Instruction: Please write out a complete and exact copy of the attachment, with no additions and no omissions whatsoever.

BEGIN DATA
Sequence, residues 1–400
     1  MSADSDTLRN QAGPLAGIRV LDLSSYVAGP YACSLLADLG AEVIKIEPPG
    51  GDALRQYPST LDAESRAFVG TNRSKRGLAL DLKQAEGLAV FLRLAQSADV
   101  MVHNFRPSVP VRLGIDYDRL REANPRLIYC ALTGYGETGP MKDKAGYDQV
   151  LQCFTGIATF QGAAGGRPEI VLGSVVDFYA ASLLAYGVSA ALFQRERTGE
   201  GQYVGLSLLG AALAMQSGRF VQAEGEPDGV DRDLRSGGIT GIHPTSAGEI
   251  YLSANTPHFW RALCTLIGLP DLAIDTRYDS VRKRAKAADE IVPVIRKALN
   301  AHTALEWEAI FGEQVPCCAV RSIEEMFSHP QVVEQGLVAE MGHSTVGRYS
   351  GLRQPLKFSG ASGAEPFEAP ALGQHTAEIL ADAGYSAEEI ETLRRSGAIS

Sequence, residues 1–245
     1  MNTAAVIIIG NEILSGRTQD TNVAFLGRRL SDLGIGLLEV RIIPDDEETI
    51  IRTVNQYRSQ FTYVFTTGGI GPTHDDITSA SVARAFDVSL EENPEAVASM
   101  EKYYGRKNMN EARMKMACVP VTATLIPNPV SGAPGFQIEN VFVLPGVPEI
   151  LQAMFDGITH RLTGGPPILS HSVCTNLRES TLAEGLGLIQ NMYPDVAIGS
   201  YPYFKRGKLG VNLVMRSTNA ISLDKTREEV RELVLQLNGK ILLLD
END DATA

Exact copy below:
Sequence, residues 1–400
     1  MSADSDTLRN QAGPLAGIRV LDLSSYVAGP YACSLLADLG AEVIKIEPPG
    51  GDALRQYPST LDAESRAFVG TNRSKRGLAL DLKQAEGLAV FLRLAQSADV
   101  MVHNFRPSVP VRLGIDYDRL REANPRLIYC ALTGYGETGP MKDKAGYDQV
   151  LQCFTGIATF QGAAGGRPEI VLGSVVDFYA ASLLAYGVSA ALFQRERTGE
   201  GQYVGLSLLG AALAMQSGRF VQAEGEPDGV DRDLRSGGIT GIHPTSAGEI
   251  YLSANTPHFW RALCTLIGLP DLAIDTRYDS VRKRAKAADE IVPVIRKALN
   301  AHTALEWEAI FGEQVPCCAV RSIEEMFSHP QVVEQGLVAE MGHSTVGRYS
   351  GLRQPLKFSG ASGAEPFEAP ALGQHTAEIL ADAGYSAEEI ETLRRSGAIS

Sequence, residues 1–245
     1  MNTAAVIIIG NEILSGRTQD TNVAFLGRRL SDLGIGLLEV RIIPDDEETI
    51  IRTVNQYRSQ FTYVFTTGGI GPTHDDITSA SVARAFDVSL EENPEAVASM
   101  EKYYGRKNMN EARMKMACVP VTATLIPNPV SGAPGFQIEN VFVLPGVPEI
   151  LQAMFDGITH RLTGGPPILS HSVCTNLRES TLAEGLGLIQ NMYPDVAIGS
   201  YPYFKRGKLG VNLVMRSTNA ISLDKTREEV RELVLQLNGK ILLLD